Sections 3.6.1.c and 3.6.2.d both cover sensitivity testing. While not necessarily performed each time a model is used, they help to provide validation of any changes that you make, ensuring that formulae are working as intended. Sensitivity testing can also set expectations of how results would change if experience differs from assumptions and provide ranges of impacts from future assumption changes.

In practice, you can use all these validation methodologies together to ensure the accuracy of models. But their specific application or use may differ based on the needs and purpose of the model, as these examples of common actuarial modeling efforts demonstrate.

Pricing: The heart of cash flow and future profits

Pricing attempts to ensure that an insurance company is being adequately compensated for the business it sells. As such, it is key to ensure that, for each product, the modeled product’s cash flows are reasonable and accurately reflect future profit expectations. As a result, validations are imperative.

A common first step for pricing models is to replicate a prior model run for the current version of a product that is being repriced or for a similar product if it’s something new. There are typically several key profitability measures — such as internal rate of return, return on investment, value of new business (VNB) and profit margin — to duplicate to ensure the correct starting point. You can take the profitability measures from a well-documented pricing memo or from recent quarterly profitability runs for companies that perform regular VNB reporting. At WTW, we recommend replication of more than just one profitability measure to ensure an accurate starting point.

While static validation is less common in pricing exercises, since an assumed pricing distribution is commonly used rather than actual seriatim sales, pricing models used for quarterly profitability reporting would benefit from this validation step. It helps validate that the new business data being fed into the model — such as new business issued volumes, issue ages and face amounts — match the administrative systems.

Key elements of pricing models are also typically validated against alternative models. For products such as universal life and variable annuity with guaranteed withdrawal riders, it is common to validate the calculation of projected product values, such as account value, shadow account value and notional guaranteed balance compared with a spreadsheet or illustration program. Validating projected statutory reserve balances against valuation software is also critical to ensure proper earnings projections.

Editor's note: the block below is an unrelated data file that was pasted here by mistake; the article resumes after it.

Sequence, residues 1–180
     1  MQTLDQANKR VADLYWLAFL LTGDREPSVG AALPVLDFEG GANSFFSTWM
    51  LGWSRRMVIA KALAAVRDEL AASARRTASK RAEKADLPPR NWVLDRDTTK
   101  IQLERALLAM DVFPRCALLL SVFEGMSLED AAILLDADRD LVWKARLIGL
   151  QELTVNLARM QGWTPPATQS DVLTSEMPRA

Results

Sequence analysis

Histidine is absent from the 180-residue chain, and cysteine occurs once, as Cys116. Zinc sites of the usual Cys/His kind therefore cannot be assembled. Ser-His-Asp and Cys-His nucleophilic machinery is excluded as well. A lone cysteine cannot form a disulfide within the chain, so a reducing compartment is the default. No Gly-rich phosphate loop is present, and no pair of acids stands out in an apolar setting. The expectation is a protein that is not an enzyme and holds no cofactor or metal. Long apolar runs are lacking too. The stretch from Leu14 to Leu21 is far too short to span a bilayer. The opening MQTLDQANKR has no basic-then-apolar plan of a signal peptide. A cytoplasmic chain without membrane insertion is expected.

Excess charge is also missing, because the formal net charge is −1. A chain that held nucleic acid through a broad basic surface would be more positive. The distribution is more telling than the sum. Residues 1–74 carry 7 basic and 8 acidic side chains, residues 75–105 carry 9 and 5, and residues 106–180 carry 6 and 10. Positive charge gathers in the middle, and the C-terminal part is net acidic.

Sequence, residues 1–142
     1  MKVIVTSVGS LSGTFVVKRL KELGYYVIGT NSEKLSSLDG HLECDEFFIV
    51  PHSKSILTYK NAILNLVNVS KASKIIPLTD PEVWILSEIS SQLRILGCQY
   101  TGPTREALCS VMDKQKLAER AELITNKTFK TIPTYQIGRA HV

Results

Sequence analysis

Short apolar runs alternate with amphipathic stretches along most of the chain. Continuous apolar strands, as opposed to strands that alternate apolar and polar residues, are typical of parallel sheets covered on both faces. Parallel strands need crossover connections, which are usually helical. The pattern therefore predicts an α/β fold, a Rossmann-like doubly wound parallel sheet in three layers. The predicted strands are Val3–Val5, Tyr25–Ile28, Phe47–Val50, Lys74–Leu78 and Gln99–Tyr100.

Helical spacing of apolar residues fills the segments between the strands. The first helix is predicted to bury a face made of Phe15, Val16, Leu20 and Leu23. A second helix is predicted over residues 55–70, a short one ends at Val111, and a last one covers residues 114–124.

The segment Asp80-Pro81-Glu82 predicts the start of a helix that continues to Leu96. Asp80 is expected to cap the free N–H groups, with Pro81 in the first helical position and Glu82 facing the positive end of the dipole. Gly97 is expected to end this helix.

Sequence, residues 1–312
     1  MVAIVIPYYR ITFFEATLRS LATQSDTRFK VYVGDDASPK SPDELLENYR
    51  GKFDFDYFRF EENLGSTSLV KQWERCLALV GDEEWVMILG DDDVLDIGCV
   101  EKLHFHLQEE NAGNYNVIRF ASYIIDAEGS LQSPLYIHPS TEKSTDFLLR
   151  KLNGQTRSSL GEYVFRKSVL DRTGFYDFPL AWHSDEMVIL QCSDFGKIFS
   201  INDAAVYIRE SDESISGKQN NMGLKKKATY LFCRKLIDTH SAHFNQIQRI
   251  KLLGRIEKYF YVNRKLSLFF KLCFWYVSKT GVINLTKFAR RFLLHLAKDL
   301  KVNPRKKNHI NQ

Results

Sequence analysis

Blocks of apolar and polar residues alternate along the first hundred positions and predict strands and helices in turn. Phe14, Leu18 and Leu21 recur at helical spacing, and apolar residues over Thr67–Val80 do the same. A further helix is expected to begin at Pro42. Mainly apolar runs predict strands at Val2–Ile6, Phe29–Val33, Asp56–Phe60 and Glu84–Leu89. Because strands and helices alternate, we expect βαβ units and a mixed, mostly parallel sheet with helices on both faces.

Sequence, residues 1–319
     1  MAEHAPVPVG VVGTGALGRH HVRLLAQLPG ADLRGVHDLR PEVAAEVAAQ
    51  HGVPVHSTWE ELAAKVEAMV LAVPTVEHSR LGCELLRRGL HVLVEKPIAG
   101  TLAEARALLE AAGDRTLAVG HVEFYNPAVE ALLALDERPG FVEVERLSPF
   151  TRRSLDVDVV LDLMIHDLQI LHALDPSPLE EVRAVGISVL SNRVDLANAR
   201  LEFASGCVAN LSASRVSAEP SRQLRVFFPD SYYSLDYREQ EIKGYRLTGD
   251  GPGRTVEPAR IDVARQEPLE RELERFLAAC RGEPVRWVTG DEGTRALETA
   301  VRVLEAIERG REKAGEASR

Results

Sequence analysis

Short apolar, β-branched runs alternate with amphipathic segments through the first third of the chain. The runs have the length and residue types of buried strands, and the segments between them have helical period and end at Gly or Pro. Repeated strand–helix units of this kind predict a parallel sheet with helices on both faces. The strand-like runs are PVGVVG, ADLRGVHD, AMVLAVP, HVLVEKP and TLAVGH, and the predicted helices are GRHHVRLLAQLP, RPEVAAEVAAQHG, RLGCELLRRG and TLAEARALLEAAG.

The actuary should then perform an attribution analysis for each model change. Regardless of the nature of the change (e.g., assumption change, updated new business distribution, product charge or feature adjustment), it is important to validate the accuracy of the change and that the impact to profitability is consistent with expectations. You should be able to roll forward the original model to the current model and explain the impact of each change made.

Valuation: A foundation of financial reporting

Valuation exercises determine the current liability/reserve and intangible (e.g., deferred acquisition cost) amounts across different reporting bases. These balances are key components of balance sheets, and the changes in these items feed into income statements — the core components of the financial statements produced for key users that help explain the performance of insurance companies and their financial strength/solvency. As a result, valuation accuracy is of critical importance, as are the models used for these purposes.

Static validation is central to valuation. Ensuring that liabilities are calculated for all business/policies is critical to ensure accurate financials and performance. This includes validating all key data inputs into the valuation models, such as policy counts, face amount, account value and policy characteristics.

Historically, many valuations used formulaic approaches, validating against separate sample calculations in a spreadsheet. That is still the case for a good portion of the life insurance business, but more and more, business valuation depends on projection models of some kind. As a result, the validation exercise has become more complex, and more effort is now required to ensure accuracy of those models.

More business valuations do or will depend on best estimate assumptions that are reviewed at least annually. That needs a robust process around the validation of assumption change impacts, one in which sensitivity test results help the actuary gauge whether the assumption change impact is reasonable.